Three of the fellows—Lokesh Ramamoorthi, a lecturer in computer and electrical engineering, who also serves as the assistant program director for ITD; Barbara Millet, assistant professor of interactive media; and Allan Gyorke, the University’s chief academic technology officer—met to talk with Yaguchi about how they and other faculty members shaped the ITD program. 

Yaguchi said he appreciated their guidance, openness, and leadership. He was particularly struck by the University’s willingness to give a faculty team the latitude to design an entirely new degree. 

“In order to make a successful program, you need a committed group of faculty and staff, and clearly the ITD program is a product of the hard work of faculty at the University of Miami,” said Yaguchi. “That’s an important lesson for me to take back to Japan.” 

Before teaching at the University, Ramamoorthi and Millet both worked in technology companies. While there, both noticed that they—along with many other recent graduates—were unprepared for some aspects of the industry. As a result, a third of the program includes experiential learning, where students are involved with outside companies, organizations, or government agencies. 

“I was a software engineer before, and I was comfortable with programming but not presenting. So, we wanted to break the silos of technology, business, design, and other topics with this program,” Ramamoorthi said. “We are venturing into a space where all of these disciplines are necessary components for a successful career.” 

As part of the ITD program, students must take a challenge course each semester, where they utilize a strategy called design thinking to identify a problem, investigate it fully, and create a novel solution. At the end of each semester, they present a prototype with a proposed business plan. Last semester, ITD students tackled problems on campus. This semester, they are working with The Underline, an organization creating a 10-mile linear park, urban trail, and art destination beneath Miami’s elevated Metrorail, Ramamoorthi indicated. 

“Together, we’ve crafted a degree program that teaches our students how to apply design thinking when addressing real-world problems, and that prepares them for roles in innovation and design in industry,” said Millet, who worked in product design and research before joining the University.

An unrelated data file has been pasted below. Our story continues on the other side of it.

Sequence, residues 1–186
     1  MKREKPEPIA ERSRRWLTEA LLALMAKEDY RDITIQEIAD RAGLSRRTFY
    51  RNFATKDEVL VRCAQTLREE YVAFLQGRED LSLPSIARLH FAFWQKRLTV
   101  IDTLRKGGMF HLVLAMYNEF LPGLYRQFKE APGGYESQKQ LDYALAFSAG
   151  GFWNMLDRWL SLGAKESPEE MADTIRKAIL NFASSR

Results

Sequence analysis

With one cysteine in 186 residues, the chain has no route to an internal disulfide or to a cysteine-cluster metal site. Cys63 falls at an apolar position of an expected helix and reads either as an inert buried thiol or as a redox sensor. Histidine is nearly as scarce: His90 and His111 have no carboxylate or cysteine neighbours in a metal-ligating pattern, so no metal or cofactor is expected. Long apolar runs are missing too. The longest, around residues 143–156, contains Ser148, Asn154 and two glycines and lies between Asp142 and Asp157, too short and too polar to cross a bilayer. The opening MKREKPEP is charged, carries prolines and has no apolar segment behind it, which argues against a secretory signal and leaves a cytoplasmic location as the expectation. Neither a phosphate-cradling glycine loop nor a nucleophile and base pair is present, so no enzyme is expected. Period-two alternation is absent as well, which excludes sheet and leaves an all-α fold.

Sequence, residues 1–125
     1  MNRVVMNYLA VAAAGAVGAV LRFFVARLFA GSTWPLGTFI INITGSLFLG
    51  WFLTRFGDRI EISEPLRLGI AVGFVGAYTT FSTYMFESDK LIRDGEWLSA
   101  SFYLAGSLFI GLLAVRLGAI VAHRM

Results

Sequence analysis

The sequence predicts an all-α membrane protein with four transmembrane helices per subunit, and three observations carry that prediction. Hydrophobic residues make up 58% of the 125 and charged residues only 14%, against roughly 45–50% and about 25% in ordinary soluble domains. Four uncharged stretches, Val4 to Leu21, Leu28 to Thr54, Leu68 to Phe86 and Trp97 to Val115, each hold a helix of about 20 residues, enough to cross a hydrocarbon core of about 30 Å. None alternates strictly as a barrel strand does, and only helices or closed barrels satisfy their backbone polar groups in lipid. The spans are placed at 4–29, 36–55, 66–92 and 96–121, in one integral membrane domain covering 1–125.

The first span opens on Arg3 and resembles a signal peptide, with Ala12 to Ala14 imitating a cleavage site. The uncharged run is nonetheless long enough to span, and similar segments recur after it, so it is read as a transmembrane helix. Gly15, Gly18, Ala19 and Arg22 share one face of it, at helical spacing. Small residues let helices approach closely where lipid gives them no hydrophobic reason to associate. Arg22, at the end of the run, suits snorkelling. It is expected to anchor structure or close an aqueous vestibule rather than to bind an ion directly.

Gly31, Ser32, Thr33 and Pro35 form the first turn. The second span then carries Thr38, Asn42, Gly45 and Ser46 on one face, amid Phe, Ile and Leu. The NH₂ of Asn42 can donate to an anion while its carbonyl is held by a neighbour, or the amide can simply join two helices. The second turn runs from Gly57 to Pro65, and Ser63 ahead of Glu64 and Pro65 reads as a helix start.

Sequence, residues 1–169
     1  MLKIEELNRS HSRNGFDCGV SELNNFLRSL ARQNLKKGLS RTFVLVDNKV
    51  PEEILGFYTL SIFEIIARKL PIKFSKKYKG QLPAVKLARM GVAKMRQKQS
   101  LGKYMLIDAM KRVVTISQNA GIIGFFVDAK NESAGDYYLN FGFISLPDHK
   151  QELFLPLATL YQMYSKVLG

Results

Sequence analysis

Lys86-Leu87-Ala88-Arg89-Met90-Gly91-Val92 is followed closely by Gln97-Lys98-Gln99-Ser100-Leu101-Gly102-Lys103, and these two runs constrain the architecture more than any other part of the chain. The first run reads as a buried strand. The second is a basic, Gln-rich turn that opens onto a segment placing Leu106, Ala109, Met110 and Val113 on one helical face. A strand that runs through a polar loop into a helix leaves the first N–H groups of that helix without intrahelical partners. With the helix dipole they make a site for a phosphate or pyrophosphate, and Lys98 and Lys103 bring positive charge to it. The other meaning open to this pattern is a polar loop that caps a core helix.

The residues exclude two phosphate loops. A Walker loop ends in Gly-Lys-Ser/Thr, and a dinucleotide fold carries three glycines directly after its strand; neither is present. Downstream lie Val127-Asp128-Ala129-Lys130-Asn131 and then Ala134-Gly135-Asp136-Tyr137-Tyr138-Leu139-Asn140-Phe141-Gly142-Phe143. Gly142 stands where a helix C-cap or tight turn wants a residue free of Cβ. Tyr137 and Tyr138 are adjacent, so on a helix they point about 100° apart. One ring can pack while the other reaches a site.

This semester, ITD students also began using the Innovation Lab, a 3,013-square-foot space dedicated to the program, so that students can work on projects whenever they have time. The space is outfitted with lockers, 3D printers, computers, and large LCD screens. It also has a conference room, so the space can be divided, and a small kitchen for longer brainstorming sessions. Yaguchi also was glad to learn about how the University is renovating classroom spaces like these from Maria Galli Stampino, the University’s dean of undergraduate affairs; Dacia Simpson, director of classroom management; and Troy Thompson, director of building facilities at the College of Engineering. 

“What looks forward thinking now, may not be in the future. So, we wanted to create a space where students would want to hang out and explore their ideas,” Stampino said. 

And lately, the first class of ITD students have been excelling. 

This week, first-year ITD students Quin McGowan, Roni Kennedy, and Lauren Wood won the local finals in the Hemispheric University Consortium’s Social Ideas Challenge to devise entrepreneurial ideas with social impact. Their concept, “After Hours Vending,” aims to reduce food waste by packaging leftover food items from bakeries and coffee shops that were made that day and selling them in vending machines at night. Whatever items are not sold via the machines, can be donated to local homeless shelters the next day. 

The three will present their idea and compete with other groups from across the hemisphere at the eMerge Americas conference in April at the Miami Beach Convention Center.